Editorials

State hospitals need scrutiny, resources

State mental hospitals and the sexual predator treatment program need more scrutiny and resources.
State mental hospitals and the sexual predator treatment program need more scrutiny and resources.

While the spotlight is on legislators’ quest to balance revenues and expenditures overall, some recesses of the state budget need much more attention and money – the state mental hospitals and the sexual predator treatment program.

The Kansas Department for Aging and Disability Services has offered its assurances that any problems are being dealt with and patients properly cared for; its new 30-member Adult Continuum of Care Committee should provide valuable guidance about the state’s behavioral health system overall.

As it is, there are reasons for concern for lawmakers and other Kansans.

The state hospitals in Osawatomie and Larned have full-time staff vacancy rates of 40 and 35 percent, respectively, the Topeka Capital-Journal reported last weekend, with internal e-mails regarding a short-staffed shift earlier this month showing “a supervisor pleading with workers to volunteer while at the same time mandating some work an extra shift.” And the Osawatomie hospital plans to limit admissions to allow for more than $3 million in renovations stemming from federal citations regarding overcrowding, deficient care and other issues.

“It’s been a long-term travesty in terms of our state hospitals being understaffed as badly as they are. A lot of it has to do with the pay scale of state hospital workers,” Senate Minority Leader Anthony Hensley, D-Topeka, told the Capital-Journal.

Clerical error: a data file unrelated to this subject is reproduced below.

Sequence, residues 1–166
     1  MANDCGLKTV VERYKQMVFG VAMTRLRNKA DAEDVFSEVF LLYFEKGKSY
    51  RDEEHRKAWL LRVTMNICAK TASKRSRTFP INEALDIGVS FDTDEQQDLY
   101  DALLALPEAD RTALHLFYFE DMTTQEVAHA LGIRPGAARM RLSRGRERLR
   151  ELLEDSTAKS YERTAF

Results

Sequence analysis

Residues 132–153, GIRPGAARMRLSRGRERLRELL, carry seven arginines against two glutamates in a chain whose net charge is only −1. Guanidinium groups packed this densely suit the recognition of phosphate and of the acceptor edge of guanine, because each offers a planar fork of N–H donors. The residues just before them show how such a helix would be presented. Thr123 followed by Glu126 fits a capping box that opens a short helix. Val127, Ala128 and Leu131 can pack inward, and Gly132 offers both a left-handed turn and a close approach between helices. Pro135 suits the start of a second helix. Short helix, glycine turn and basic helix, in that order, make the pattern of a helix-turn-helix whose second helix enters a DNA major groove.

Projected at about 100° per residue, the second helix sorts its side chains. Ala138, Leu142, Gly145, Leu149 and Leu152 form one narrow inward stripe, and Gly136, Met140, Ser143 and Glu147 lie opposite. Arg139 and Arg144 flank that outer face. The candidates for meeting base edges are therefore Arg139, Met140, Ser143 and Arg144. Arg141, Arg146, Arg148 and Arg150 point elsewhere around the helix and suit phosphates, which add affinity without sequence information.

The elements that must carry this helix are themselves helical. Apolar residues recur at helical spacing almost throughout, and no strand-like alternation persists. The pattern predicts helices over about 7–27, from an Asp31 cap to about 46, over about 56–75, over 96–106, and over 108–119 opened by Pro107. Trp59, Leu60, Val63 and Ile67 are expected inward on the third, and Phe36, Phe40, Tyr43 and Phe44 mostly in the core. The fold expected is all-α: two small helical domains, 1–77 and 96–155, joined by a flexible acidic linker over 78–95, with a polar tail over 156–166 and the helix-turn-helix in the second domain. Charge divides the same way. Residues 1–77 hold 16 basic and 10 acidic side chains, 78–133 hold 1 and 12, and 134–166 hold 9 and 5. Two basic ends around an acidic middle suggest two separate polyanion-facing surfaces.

Meanwhile, a state audit released in April highlighted the soaring costs of the sexual predator treatment program at Larned State Hospital, which adds 10 to 15 patients a year but has only released three since 1994 (27 have died).

The offenders, committed by the courts to the program after completing their prison sentences, are supposed to work through seven phases of treatment. But Larned superintendent Tom Kinlen estimated 30 to 40 percent of residents have quit participating, according to Associated Press.

Auditors warned that the program’s costs could double by 2025, that its patient numbers could climb from 258 to 500, and that it will max out the capacity at its current facility in the next five years. Gov. Sam Brownback recommended increasing its funding from $13.9 million in 2014 to $20.4 million by 2017.

Like it or not, the state has taken on an obligation to these offenders, and cannot just lock them up and forget about them – or about the employees responsible for their care and treatment. “At some point over the next couple years the Legislature is going to have to make some really hard decisions about how we are going to continue this program,” Sen. Jeff Longbine, R-Emporia, told AP.

If the state’s bigger fiscal problems are distracting lawmakers from giving the state hospitals and the sexual predator treatment program the scrutiny and resources they demand, that may not be possible for much longer.

For the editorial board, Rhonda Holman

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